I’ve lost count of the times I’ve been asked this question, especially from Windows users switching to the Mac. There’s a short answer. Probably. I tend to scan anything I download prior to installing it and anything Office documents I get.
Whilst OS X has very very few security threats that are currently being exploited, unlike Windows which has tens of thousands, that doesn’t mean to say that you should be cautious. I know at least two of my clients who had bizarre slowness uses the Internet, which turned out to be cases of DNS Changer.
Most security exploits on the Mac come from people installing software that has had Trojans added to the payload. Often they originate in dodgy software they’ve blagged off the internet, or from strange video codecs they’ve installed to watch online video. So follow a few simple rules.
- Only trust software that you know exactly where it has come from.
- Assume that any attachments sent via are suspicious
- If you don’t need it, don’t install it.
- Dodgy software your mate gave you is all well and good, but don’t trust it.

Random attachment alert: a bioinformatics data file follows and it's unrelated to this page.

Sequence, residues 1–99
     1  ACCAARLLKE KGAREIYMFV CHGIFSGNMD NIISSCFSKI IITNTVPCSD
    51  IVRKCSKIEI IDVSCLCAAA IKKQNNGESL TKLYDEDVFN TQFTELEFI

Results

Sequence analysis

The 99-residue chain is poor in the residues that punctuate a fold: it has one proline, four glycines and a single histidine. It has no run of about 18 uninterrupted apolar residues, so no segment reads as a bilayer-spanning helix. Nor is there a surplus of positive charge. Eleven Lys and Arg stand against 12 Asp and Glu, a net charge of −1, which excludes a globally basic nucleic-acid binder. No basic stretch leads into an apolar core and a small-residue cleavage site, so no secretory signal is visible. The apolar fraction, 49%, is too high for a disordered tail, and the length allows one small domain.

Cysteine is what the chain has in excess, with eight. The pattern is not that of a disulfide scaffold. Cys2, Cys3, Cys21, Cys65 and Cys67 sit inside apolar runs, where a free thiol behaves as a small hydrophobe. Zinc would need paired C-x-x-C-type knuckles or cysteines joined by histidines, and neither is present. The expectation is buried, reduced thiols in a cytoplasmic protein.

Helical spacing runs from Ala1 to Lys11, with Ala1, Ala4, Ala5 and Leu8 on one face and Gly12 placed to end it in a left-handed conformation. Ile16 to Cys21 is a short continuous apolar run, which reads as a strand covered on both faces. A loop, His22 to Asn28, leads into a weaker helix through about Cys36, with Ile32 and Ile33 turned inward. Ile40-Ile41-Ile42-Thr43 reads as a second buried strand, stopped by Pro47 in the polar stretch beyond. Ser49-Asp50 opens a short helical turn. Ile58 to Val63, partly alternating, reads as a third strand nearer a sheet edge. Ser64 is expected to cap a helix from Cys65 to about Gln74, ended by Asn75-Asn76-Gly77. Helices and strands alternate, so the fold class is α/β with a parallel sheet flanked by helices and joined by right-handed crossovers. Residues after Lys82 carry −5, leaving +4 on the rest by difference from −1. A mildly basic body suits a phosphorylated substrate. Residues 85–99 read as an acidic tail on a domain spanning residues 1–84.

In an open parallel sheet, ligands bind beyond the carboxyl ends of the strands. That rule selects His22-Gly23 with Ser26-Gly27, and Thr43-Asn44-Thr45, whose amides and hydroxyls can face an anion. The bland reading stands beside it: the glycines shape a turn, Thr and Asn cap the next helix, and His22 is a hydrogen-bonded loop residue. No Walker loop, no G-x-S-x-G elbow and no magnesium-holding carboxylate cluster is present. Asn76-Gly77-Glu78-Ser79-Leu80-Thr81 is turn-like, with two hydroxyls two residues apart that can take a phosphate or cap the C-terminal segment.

Should I buy anti-virus software for my Mac?
God no! If anyone tries to sell you Intego VirusBarrier, Norton Internet Security or Sophos Anti-virus they probably just want your money, rather than what’s best for you. ClamAV for OS X is free, stable and unobtrusive. Just put it in your Dock and drag anything suspicious onto it to initiate a scan. Just make sure you keep the virus definitions up to date.
I run Parallels or VMWare Fusion on my Mac – should I use anti-virus software?
You should very definitely have it installed in the Virtual machine if you care about the data in it, but it poses little threat to you Mac unless you setup shared folders. If the Virtual machine can access folders on your Mac, then that data is vulnerable, so be doubly cautious if this sounds like you.